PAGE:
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Callback Timer Library

This library implements callback style timers using the Mecrisp multitasking module. Every task in the multitasker needs its own stacks which consumes a lot of memory. Using timed you can register multiple callbacks in the same timer task and reduce the memory overhead significantly.

The downside is that all the timers share the same task. So if one of your callback words needs a long time to execute all the other callbacks have to wait for it to complete.


A number identifies each timer (slot). You have to supply the number when registering a timer. If you write a new timer to an already used timer slot, the old one will be overwritten. By default there are 8 timers (slot 0 to 7) available. Set a constant named MAX-TIMED to a different number before loading timed.fs to change the number of available timer slots.

: timed-init ( -- ) \ Init timed module, start

\ Register a callback or cancel a timer
: call-after ( callback when     slot# -- )
: call-every ( callback interval slot# -- )
: call-never ( slot# -- )

: timed. ( -- ) \ Show timers

timed-init is used to initialize the timed library. It registers the timed background task and starts multitasking.

The second group of words is used to register a one-shot timer or a repeating timer. call-never is used to stop a running timer. A repeating timer will be called as soon as interval ms have passed and it repeatedly calls the callback word every interval ms until it is stopped. call-after calls the callback words only once as soon as when ms have passed.

timed. is used to output the current configuration to the console. It shows the running timers, the addresses of the callback word and the uptime (millis) when the timers executed the last time.


Make sure you always initialize timed before using it.


Now we need a word to register in the timer. This simple one will do:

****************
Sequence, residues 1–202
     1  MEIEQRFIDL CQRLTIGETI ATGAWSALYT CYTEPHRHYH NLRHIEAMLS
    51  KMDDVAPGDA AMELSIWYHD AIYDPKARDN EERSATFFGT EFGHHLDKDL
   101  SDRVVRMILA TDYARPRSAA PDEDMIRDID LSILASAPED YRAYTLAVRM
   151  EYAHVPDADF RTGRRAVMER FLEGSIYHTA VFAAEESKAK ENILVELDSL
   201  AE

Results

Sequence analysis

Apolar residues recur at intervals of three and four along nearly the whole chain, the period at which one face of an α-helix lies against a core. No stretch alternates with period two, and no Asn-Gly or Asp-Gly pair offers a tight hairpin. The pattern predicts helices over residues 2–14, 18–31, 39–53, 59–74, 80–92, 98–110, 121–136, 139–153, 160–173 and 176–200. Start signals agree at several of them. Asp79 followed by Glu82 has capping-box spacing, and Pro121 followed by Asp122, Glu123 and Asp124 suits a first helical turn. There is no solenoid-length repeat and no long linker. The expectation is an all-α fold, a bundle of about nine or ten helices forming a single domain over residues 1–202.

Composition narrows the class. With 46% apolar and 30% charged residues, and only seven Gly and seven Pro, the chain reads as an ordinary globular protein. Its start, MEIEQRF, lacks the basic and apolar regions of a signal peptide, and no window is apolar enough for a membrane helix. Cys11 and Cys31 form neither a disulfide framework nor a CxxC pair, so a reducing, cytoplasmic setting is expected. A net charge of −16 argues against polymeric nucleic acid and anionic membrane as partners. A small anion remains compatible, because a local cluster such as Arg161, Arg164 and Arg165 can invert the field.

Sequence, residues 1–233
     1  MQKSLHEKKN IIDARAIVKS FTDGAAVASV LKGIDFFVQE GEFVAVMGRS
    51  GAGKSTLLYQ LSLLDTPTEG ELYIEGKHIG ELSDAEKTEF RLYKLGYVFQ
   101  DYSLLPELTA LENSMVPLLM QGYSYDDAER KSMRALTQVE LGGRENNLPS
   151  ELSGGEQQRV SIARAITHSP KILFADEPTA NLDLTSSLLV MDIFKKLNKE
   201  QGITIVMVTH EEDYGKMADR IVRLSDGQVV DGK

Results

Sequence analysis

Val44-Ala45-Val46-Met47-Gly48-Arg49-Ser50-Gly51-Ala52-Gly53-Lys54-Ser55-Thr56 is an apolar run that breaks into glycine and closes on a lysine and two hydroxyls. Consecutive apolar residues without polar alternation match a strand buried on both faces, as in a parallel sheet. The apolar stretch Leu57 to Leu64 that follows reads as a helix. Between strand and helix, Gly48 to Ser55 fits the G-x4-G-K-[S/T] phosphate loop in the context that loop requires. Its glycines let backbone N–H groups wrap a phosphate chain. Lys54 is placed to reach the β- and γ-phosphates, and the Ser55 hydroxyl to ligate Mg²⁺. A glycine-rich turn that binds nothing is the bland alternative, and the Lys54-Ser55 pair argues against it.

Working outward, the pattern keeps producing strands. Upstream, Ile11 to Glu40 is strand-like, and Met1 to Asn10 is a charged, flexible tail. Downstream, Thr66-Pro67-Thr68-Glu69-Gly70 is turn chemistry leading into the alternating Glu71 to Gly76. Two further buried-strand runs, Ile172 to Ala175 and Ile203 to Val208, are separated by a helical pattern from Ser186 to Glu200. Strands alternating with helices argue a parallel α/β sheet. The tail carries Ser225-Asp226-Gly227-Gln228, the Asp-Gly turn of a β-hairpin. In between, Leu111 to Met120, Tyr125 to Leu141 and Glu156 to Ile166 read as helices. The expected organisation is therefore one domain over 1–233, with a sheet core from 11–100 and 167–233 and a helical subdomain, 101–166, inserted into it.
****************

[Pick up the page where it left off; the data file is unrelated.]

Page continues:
: ping ( -- ) cr ." PING" cr ;

Writing to the console is not recommended as it messes up the console. Nevertheless, it will do for this example.

To execute ping in 5 seconds we need to push its address and the other parameters to the stack. We use timer 0 here:

' ping 5000 0 call-after

Now wait a few seconds - you will receive PING on the console in about 5 seconds. Timed uses the uptime in milliseconds to call the callback at the specific time. Please note that Mecrisp has a cooperative multitasker. So as long as another task is not playing nicely ping may be called late. The interactive console works nicely with the multitasker.

Registering a repeating timer is almost the same. This time we call ping every 10 seconds and use timer 1:

' ping 10000 1 call-every

You can always use timed. to show the current state of the timers.

Slot #0 Interval: 5000 Last-Run: 28345 Callback: 0 Repeat: 0 
Slot #1 Interval: 10000 Last-Run: 49610 Callback: 536871832 Repeat: -1 
Slot #2 Interval: 0 Last-Run: 0 Callback: 0 Repeat: 0 
Slot #3 Interval: 0 Last-Run: 0 Callback: 0 Repeat: 0 
Slot #4 Interval: 0 Last-Run: 0 Callback: 0 Repeat: 0 
Slot #5 Interval: 0 Last-Run: 0 Callback: 0 Repeat: 0 
Slot #6 Interval: 0 Last-Run: 0 Callback: 0 Repeat: 0 
Slot #7 Interval: 0 Last-Run: 0 Callback: 0 Repeat: 0 

Finally stop the repeating timer:

1 call-never